Manchester City’s owners have divided opinion over the years, but the latest incumbents have been welcomed deliriously. David Conn wonders if the fans’ loyalty is being exploited

The takeover of Manchester City was celebrated uproariously by most of the club’s supporters, but it prompted me instead to question the very basis of fans’ loyalty to their clubs. I am talking not about today’s surreal ownership by Sheikh Mansour bin Zayed Al Nahyan, but a deal that looks positively homely by comparison, the 1994 City takeover by Francis Lee.

Then, the cherubic centre-forward from the glory days who had subsequently made a fortune in toilet paper ousted chairman Peter Swales after 20 years of loathing, and the Maine Road crowd rose to greet “Saint Francis: the Second Coming”, as one ­banner joyfully put it. 

To most City fans, Swales embodied the club’s fall from grace in his very being. He had become chairman shortly after City’s team including Lee, Colin Bell and Mike Summerbee had won everything, but after a few respectable years Swales’ defining act was to reappoint as manager Malcolm Allison, who had brought City success as coach under Joe Mercer. This time Allison, given his head, talked fabulous plans while taking the team to pieces.

City’s relegation in 1983 was a disillusioning experience from which many fans of a certain age are still struggling to recover emotionally. They never forgave Swales, who clung to office with a peculiarly inhuman stubbornness. When Franny finally arrived after 20 years, it seemed a biblical redemption – the sour-faced dictator replaced by a heroic vision of sunnier times.

Having cheered Franny in as a fan, I went to interview him as a journalist. I had expected to find him pure in his support, obsessed with restoring Swales-free City to where the fans believed they should be. I found him and his associates planning to take advantage of the Premier League era by floating City on the Stock Exchange and making money for themselves.

That utterly jarred with my idea of the football club and what, and who, it was for. It seemed to be exploiting the fans’ loyalty, and it made that loyalty seem naive. It sent me on a journey into the history of football and its clubs, which convinced me that if the clubs are to lay claim to supporters’ lifelong loyalty, they should be institutions that truly merit it.

The idea that clubs – the word, which we still use, meaning member organisations – should be owned mutually by their supporters is still hugely appealing. That way clubs represent their fans and cannot abuse their loyalty to achieve an ulterior motive held by the men in charge. If the fans do not like those men or what they are doing, they can vote them out.

Over the years, it has become clear that this ideal can only realistically come about at smaller clubs. Even then, many fetch a price beyond the pockets of fans. Meanwhile, the top clubs have become “brands” coveted and bought by a Forbes List-roster of international billionaires.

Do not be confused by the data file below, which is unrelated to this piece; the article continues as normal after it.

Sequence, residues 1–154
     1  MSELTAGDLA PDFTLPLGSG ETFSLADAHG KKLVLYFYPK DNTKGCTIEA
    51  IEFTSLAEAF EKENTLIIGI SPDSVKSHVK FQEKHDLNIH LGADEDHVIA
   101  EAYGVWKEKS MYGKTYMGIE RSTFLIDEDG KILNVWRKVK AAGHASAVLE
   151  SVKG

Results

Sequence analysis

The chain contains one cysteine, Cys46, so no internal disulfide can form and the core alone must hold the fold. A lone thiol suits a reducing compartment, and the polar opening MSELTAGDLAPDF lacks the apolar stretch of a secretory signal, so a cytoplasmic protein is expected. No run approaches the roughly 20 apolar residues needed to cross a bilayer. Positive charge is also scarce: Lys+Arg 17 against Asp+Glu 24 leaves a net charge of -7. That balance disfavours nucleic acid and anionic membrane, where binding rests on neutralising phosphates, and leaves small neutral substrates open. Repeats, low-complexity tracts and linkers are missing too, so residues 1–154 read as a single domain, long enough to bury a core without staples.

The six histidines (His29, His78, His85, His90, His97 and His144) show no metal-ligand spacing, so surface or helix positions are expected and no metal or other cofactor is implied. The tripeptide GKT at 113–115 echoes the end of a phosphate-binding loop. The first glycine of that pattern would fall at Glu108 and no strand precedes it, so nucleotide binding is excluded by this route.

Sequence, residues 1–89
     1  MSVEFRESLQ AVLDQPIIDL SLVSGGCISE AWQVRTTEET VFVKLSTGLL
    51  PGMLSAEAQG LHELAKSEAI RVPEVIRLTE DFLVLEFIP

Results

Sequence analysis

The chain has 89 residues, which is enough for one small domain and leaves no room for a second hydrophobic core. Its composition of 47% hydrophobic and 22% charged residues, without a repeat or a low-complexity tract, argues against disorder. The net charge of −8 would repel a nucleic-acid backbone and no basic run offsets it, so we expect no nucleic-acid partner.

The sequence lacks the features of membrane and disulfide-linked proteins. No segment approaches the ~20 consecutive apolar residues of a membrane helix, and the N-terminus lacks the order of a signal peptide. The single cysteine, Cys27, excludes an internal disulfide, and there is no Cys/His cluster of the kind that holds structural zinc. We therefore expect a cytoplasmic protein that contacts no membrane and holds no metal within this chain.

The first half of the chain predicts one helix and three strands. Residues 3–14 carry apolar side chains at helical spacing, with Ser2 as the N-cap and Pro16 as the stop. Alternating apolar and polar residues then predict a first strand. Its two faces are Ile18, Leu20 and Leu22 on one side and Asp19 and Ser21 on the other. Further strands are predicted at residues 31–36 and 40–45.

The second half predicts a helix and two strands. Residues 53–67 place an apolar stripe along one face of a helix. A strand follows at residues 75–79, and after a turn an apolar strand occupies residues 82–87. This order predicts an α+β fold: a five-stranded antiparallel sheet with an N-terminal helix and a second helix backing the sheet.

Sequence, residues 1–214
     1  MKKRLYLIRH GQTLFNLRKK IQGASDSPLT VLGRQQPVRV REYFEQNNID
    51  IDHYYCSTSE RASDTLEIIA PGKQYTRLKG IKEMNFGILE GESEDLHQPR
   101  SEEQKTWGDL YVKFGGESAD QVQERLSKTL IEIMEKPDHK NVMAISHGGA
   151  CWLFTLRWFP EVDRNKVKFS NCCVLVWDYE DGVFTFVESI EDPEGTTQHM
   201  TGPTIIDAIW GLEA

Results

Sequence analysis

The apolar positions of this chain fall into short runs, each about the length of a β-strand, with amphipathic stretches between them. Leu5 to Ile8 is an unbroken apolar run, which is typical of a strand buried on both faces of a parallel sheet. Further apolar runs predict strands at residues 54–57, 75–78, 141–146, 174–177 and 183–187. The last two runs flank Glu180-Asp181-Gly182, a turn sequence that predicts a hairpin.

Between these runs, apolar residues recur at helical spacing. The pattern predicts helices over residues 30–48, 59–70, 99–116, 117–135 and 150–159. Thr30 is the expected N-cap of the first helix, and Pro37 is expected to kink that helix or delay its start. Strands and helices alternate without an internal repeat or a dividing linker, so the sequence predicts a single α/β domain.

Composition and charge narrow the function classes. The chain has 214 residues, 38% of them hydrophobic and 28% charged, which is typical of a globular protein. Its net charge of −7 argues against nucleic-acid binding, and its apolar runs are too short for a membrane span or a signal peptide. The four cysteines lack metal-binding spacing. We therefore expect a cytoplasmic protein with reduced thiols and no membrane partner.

It is true that the clubs were only ever clubs for a short time, when they were originally formed in Victorian times, in work places, churches, or school old-boy groups, by people who wanted to play and never dreamt of crowds or glories. After football fired the imaginations of spectators and the clubs turned professional as long ago as the 1880s, most clubs became limited companies and their shares were ­usually bought by local backers.

It is not true, though, as some who run football are putting it about, that the clubs’ relationships with these backers was the same as it is now under the current round of owners, and that only the scale of money is different. For a start, the FA had clear principles that the clubs were not to be vehicles for profit. FA rules prohibited owners and directors from making money out of them and dictated that being a chairman – nobody ever talked of club “owners” until the past year or two – should be a kind of public service. Nor was there a tradition of throwing vast amounts of money in to buy success. Jack Walker first, then Roman Abramovich, blazed the sugar-daddy trail.

Franny Lee, to summarise his four years, was not the Messiah. He was supplanted by John Wardle and David Makin, two local men made good in J-D Sports, who loaned the club £20m and steered it into a cul-de-sac. They sold to Thaksin Shinawatra, a remarkable departure from the miserable Mancs mostly previously in charge. Facing corruption charges, on the run and with his assets frozen, Thaksin finally found a buyer for his Premier League “brand” among the richest individuals on earth.

Sulaiman Al Fahim, Sheikh Mansour’s initial front man, blathered about buying a lorry-load of galácticos, but by the time the takeover went through, Sheikh Mansour’s people had clearly understood the need to talk with a little dignity. In a letter to “fellow Manchester City fans”, Sheikh Mansour said the right things: he is in it for the long term, City will continue its work in the community and to nurture homegrown players. “I hope that you will soon see that I am now also a Manchester City fan,” said the letter.

Quite what this means is difficult to say, but few will trouble to challenge whether you can instantly become a fan of a club you never visited until you bought it with a droplet of your oil fortune. Most City fans clearly do not care. For them, having a truly rich man, from wherever, to buy the club success seems everything you could wish for.

For most, the Franny Lee era was just another failed dawn, not a shatteringly formative experience, leading them to question whether football clubs should be companies at all, to be bought and sold by men with varying shades of agendas. Far more enjoyable not to worry about it, and just to roar for Robinho – with or without a tea towel on your head.

From WSC 261 November 2008

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